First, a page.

From salad to khichdi: How restaurants are making profits out of one 'single' dish
From salad to khichdi: How restaurants are making profits out of one 'single' dish

Opening a restaurant may come up pretty high on the list of the secret ambitions of many millennials. But opening a restaurant has always been complex while choosing what to offer. But these complexities may be fewer if one chooses not to open a restaurant but get into one of the offbeat food businesses. The opportunities are more, risks lower. And while one need to sweat it out, the rewards are many.

Many exciting innovations in food are not happening in restaurants, but in the offbeat cloud and QSR spaces. We are talking about the rise of single dish brands which are way more than pizzas, burgers, rolls and biryanis. The new food formats are the next big thing and taking the tech route has created a very smart model for many young foodpreneurs who are mastering the art of one, for instance, single dish as simple as salads.

Salad Days started by Varun Madan and Kunal Gangwani offers salads as a meal. Madan and Gangwani played for the same band at Xavier School of Management, Jamshedpur. They jammed well but little did they realise that they would also, one day, toss up vinaigrette and greens. According to the founders, there was a gap in the market for a product that offered salads as a complete meal.

Operations have been the toughest part. Sourcing ingredients, they largely use imported fruit and veggies to maintain consistency, get cheese and vinegar from Parma and Modena and pick herbs grown locally and maintaining supply chains are a task.

In Pune, Meghna, who also works with a real estate company, soon realised that she could win the world with her salad-making skills. She started selling salads through online messaging groups and what seems as her hobby and part-time work, soon helped her earn lakhs every month. She wrote a success story in no time. How could one earn lakhs just by selling salad, well! Meghna proved it that too from her home.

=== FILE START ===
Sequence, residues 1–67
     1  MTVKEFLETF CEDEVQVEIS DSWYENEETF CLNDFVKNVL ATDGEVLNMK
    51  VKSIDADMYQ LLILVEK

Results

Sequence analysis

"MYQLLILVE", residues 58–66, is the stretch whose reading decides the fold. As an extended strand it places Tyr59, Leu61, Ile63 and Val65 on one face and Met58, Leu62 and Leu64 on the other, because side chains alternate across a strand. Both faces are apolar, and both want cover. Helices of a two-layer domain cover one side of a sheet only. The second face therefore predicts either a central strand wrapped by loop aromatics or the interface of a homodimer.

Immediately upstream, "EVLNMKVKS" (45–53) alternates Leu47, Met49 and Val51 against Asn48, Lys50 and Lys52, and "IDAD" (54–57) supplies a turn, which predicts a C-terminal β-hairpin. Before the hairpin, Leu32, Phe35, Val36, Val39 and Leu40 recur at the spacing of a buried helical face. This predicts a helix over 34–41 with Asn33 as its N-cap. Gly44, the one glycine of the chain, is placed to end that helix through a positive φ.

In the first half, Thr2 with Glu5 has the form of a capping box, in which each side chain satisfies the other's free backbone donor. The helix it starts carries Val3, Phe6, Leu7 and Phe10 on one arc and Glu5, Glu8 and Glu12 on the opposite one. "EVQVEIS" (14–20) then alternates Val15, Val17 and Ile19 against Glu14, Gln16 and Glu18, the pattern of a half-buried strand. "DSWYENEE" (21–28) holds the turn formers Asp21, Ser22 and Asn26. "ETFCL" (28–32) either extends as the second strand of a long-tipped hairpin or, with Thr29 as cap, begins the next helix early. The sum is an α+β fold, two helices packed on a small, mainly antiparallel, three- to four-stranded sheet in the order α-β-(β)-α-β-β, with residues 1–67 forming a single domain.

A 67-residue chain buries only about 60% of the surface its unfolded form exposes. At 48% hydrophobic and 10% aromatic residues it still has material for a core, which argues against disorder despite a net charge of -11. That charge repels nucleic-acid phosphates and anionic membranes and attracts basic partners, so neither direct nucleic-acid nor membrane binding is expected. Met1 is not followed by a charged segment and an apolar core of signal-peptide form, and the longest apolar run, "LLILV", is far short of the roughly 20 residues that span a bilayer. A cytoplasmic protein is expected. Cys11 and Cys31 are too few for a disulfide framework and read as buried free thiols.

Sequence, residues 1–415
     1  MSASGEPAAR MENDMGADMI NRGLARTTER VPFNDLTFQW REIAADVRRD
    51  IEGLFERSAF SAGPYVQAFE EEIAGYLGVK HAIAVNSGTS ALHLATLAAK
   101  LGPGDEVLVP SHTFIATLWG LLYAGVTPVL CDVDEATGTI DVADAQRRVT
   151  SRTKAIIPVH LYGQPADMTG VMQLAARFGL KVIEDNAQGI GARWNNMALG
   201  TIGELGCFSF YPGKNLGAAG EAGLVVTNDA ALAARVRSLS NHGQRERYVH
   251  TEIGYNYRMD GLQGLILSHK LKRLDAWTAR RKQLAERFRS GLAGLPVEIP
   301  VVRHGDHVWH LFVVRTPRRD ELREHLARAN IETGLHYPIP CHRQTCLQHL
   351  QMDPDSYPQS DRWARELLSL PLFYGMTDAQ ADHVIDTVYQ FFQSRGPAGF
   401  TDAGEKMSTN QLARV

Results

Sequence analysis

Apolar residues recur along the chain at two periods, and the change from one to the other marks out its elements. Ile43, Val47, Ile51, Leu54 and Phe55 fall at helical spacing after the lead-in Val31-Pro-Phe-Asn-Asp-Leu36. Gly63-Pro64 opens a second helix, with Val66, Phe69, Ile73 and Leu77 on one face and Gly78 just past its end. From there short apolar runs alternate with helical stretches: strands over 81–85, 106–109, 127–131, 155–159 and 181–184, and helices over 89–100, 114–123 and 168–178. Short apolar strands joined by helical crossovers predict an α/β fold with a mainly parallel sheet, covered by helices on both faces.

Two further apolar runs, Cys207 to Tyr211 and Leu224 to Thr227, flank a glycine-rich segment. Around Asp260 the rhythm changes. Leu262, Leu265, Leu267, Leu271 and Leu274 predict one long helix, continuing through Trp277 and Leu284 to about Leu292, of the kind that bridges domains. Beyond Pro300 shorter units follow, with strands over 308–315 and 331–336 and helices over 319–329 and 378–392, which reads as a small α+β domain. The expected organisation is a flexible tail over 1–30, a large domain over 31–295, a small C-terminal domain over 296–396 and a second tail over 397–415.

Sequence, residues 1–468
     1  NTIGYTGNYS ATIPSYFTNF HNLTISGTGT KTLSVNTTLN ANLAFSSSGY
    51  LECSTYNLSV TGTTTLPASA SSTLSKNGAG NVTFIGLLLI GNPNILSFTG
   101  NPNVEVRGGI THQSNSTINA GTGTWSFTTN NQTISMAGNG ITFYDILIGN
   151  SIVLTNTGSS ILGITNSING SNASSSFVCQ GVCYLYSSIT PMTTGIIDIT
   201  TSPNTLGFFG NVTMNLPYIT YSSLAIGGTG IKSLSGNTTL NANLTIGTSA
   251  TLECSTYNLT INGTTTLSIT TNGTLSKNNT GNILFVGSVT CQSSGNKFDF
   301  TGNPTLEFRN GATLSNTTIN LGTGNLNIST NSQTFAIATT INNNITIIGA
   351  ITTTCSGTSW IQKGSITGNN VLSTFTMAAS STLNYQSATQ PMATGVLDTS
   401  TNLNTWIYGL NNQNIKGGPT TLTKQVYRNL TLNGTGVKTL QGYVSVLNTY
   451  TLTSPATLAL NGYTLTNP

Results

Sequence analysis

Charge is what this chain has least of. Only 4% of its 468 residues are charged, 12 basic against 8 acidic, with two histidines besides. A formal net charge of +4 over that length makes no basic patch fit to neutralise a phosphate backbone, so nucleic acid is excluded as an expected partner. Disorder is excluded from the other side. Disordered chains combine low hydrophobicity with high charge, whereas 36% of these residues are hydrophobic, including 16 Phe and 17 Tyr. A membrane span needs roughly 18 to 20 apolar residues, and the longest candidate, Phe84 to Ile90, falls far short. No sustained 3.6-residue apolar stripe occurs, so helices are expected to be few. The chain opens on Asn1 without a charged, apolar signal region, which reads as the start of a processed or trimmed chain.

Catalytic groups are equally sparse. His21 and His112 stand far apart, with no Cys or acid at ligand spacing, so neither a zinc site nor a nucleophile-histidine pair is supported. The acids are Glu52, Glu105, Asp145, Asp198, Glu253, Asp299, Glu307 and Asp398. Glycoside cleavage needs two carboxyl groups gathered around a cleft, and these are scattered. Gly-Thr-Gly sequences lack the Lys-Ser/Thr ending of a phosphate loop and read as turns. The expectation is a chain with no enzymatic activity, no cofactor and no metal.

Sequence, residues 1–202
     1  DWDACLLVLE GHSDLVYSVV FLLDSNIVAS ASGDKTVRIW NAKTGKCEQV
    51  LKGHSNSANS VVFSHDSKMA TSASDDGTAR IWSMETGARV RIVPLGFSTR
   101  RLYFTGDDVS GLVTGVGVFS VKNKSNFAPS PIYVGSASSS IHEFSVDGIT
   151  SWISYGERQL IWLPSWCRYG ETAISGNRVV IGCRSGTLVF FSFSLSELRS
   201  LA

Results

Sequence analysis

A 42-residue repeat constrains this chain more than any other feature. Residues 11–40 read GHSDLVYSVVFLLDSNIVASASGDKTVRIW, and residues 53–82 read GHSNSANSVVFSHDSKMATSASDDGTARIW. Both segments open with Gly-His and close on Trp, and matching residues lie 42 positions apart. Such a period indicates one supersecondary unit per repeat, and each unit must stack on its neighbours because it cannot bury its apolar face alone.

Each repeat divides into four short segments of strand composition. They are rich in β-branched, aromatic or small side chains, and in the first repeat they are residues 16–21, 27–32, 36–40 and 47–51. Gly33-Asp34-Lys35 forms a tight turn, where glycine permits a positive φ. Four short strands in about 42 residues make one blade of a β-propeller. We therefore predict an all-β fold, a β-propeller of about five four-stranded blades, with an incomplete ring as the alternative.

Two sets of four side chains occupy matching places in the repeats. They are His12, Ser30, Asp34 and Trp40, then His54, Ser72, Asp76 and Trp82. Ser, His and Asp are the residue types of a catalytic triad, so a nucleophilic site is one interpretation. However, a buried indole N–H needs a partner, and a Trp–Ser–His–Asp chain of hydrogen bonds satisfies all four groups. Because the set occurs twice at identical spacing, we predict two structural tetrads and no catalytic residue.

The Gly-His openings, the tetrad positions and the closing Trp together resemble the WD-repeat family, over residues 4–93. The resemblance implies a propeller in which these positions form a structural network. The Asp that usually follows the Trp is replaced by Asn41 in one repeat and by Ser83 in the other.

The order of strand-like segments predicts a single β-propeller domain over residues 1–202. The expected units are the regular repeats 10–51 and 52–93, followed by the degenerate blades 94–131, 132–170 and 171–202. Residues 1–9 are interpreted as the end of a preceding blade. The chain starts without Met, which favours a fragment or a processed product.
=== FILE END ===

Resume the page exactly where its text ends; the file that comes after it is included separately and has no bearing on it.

Meghna started with INR 3500 and now earns INR 1.25 lakhs per month. How did she get here? Meghna’s genuine love for making salads blossomed into a business, thanks to her patience and passion. Meghna started with selling chana chaat, mix corn, beetroot and pasta salad, and in no time the orders started pouring in. And that’s not all. With the increasing demand she has now given employment to 19 people, including who women do chopping and men do deliveries.

Planning and executing single dish operations is less bothering and people on the other side are not spoiled with options. When a customer is ordering from such brands, they know exactly what they want, in return for such brands creating loyal customers becomes easier.

Who would have known that the humble Indian dish Khichdi would have been hiding great potential in terms of business?  It was three years ago when the tech giant, Ola ventured into having a cloud kitchen business of its own, introducing its great Khichdi Experiment, which has the riding app delivering Khichdi to Bengaluru, Delhi, Mumbai, Chennai, Hyderabad and Pune, with plans to widen its network soon.

“For Khichdi Experiment (KE) specifically, we wanted to give a twist to India’s original comfort food to create a differentiator from the clutter in the market. Our aim was to offer one brand that gives various flavours to khichdi,” Pranay Jivrajka, CEO, Ola's food business has said in an interview.

From the classic Plain Dal Khichdi to the Palak Paneer and even Bengali Panch Phoran Khichdi and Mumbai Pav Bhaji Khichdi, each flavour is a play on a classic dish from states across the country, with an added twist.  The success of Khichdi Experiment has proven the fact that as simple as khichdi can create a wave, one need not to add up fancy gourmet dishes to make a brand work.

“Khichdi Experiment was a category creator that helped us create a playbook to build other brands. For instance, within khichdi, today you have more than 60 such brands competing,” Jivrajka added. Even though the company has been aggressive on the expansion front, online delivery has taken over the offline stores. Jivrajka, too, highlighted that the pandemic has halted the company’s plans to expand offline corporate kiosks, mall presences and food trucks. Ola Foods is now planning to launch eight to ten such brands with unique offerings.

Khichdi has surely shown wonders in the food business world, so much so that it has even attracted investments. In January this year, Curefoods announced a merger with Maverix which houses The Great Indian Khichdi brand.

Commenting on the success rate of such brands, Krishnakant Thakur, co-founder and COO Charcoal Eats stated, “Brand's single dishes do have a better advantage as customers are spoiled for choices and everyone wants to order from a specialist and this is the reason we are also going to have specific brands for different cuisines,” Charcoal Eats further plans to penetrate deeper in this market by offering unique dishes brands.

Understanding the unit economics, the net profit margin of any food service brand gives a clear picture of whether the restaurant is going to survive in the long run. Anything above 20 percent can be considered as a decent restaurant profit margin. To make higher profits, one can cut down the food costs marginally, only by pricing and designing the menu the right way. And what can be a better way to create a hassle-free business is by mastering in selling just that one dish.

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